The Hypocrisy Of Oil Companies: Shell Knew The Dangers Of Climate Change Way Back In 1991
March 1st, 2017 / 11:57 AM
“If the weather machine were to be wound up to such new levels of energy, no country would remain unaffected … Action now is seen as the only safe insurance.” – Shell Oil Company, 1991.
A climate change awareness film from 1991 has resurfaced. The video was obtained by The Correspondent, a Dutch online journalism platform, and shared with The Guardian.
The full film can be watched here.
As significant as the video’s warnings and concerns are, the story is not about Shell’s 1991 video; the story is about the abject hypocrisy of Shell.
Shell Oil Company
Shell Oil Company is the United States-based subsidiary of Royal Dutch Shell, a multinational which is amongst the largest oil companies in the world.
Shell Oil Company is one of America’s largest oil and natural gas producers, natural gas marketers, gasoline marketers, and petrochemical manufacturers.
Shell’s warnings in the video
The 28-minute video – named ‘Climate Concern’ – warns of the dangers of climate change and lauds commercial-scale solar and wind power that already existed at the time.
Shell warned of climate change “at a rate faster than at any time since the end of the ice age – change too fast perhaps for life to adapt, without severe dislocation.”
“Tropical islands barely afloat even now, first made inhabitable, and then obliterated beneath the waves … coastal lowlands everywhere suffering pollution of precious groundwater, on which so much farming and so many cities depend … In a crowded world subject to such adverse shifts of climate, who would take care of such greenhouse refugees?”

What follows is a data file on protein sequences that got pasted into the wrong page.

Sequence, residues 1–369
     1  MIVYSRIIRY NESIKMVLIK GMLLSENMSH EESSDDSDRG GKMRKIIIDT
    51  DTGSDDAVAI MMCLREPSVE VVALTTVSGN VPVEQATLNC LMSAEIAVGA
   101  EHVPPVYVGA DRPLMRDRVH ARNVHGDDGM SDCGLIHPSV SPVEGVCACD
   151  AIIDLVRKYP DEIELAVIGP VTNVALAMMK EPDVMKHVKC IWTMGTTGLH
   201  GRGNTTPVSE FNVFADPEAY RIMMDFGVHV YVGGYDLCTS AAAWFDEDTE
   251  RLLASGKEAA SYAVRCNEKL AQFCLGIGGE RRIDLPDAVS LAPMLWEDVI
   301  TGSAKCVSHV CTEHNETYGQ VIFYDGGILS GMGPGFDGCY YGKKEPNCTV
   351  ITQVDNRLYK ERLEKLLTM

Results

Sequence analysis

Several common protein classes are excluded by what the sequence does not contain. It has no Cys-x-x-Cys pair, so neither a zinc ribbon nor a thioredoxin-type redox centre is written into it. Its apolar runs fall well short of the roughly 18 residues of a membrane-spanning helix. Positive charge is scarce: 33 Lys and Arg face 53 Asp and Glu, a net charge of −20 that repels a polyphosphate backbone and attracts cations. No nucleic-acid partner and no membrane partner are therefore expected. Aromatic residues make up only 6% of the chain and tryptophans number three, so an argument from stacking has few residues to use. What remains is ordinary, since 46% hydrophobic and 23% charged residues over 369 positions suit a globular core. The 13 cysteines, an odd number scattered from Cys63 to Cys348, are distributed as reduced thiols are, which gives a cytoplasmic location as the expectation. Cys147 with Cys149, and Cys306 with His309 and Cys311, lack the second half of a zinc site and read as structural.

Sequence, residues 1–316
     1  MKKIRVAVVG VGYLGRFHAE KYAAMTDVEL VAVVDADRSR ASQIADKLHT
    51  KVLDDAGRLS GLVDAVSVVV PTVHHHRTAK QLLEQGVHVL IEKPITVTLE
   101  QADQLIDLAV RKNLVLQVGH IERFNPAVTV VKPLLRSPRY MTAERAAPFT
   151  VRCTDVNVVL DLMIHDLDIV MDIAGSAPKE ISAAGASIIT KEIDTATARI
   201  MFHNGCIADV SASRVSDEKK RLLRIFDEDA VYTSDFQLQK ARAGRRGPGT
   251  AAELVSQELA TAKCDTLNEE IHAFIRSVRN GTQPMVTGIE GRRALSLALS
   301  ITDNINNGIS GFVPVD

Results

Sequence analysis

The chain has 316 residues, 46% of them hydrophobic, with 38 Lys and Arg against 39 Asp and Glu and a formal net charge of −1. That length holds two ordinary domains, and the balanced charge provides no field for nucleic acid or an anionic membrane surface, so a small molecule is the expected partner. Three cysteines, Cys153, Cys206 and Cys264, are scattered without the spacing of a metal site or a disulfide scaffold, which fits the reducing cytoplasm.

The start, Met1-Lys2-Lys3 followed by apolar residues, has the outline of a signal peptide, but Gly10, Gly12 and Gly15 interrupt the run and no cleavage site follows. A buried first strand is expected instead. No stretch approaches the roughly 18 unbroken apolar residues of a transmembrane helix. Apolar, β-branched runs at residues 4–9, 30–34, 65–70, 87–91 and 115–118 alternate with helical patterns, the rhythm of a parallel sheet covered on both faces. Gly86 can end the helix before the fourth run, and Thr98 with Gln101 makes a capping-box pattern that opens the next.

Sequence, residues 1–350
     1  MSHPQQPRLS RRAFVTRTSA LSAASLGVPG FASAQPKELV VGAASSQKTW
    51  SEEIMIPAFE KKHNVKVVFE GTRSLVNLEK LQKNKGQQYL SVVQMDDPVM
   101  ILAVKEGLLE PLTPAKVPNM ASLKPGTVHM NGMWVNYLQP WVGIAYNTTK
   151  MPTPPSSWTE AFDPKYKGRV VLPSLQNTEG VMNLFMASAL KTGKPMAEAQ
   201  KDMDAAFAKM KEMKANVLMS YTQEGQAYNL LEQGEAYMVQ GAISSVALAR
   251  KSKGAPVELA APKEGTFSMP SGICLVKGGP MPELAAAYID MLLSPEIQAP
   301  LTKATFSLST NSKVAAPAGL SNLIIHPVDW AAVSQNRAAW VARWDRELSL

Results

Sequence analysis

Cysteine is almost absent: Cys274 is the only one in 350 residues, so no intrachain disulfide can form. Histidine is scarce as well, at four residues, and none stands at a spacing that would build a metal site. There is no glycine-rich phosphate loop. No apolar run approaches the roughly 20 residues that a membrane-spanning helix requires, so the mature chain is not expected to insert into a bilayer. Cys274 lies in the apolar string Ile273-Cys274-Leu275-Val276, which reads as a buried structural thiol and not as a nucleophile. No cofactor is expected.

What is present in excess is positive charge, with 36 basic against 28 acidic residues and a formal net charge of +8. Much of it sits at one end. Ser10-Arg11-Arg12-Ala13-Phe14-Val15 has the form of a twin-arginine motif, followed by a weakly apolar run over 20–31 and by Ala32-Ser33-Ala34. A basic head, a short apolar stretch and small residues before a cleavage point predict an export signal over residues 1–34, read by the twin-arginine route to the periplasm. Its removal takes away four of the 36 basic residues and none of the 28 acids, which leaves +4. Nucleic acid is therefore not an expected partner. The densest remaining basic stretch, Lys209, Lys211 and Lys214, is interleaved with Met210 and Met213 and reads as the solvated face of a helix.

The climate change warning was one “endorsed by a uniquely broad consensus of scientists in their report to the United Nations at the end of 1990 … What they foresee is not a steady and even warming overall, but alterations to the familiar patterns of climate, and the increasing frequency of abnormal weather … It is thought that warmer seas could make destructive [storm] surges more frequent and even more ferocious.”
“Whether or not the threat of global warming proves as grave as the scientists predict, is it too much to hope as it might act as the stimulus – the catalyst – to a new era of technical and economic cooperation? … Our numbers are many, and infinitely diverse. But the problems and dilemmas of climatic change concern us all.”
According to The Guardian, the film was made for public viewing, particularly in schools and universities, but is believed to have been unseen for many years.
Shell’s unforgivable hypocrisy
Shell Oil Company has been one of the biggest polluters of the environment for years. Furthermore, their active campaign against climate scientists to cast doubts on the reality of global warming has contributed to the bizarre, unreasonable, and harmful prevalence of climate change denial – an anti-science belief in sections of the public and politics.
Despite knowing of the harmful effects of climate change, Shell proceeded to greenlight several highly polluting tar sand operations exploration in the Arctic. It has also cited fracking as a “future opportunity” (despite its 1998 data showing exploitation of unconventional oil and gas by fracking was incompatible with climate goals).
“The film shows that Shell understood that the threat was dire, potentially existential for civilisation, more than a quarter of a century ago,” said Jeremy Leggett, a solar power entrepreneur and former geologist who had earlier researched shale deposits with Shell and BP funding. “I see to this day how they doggedly argue for rising gas use, decades into the future, despite the clear evidence that fossil fuels have to be phased out completely … I honestly feel that this company is guilty of a modern form of crime against humanity. They will point out that they have behaved no differently than their peers, BP, Exxon and Chevron. For people like me, of which there are many, that is no defence.”
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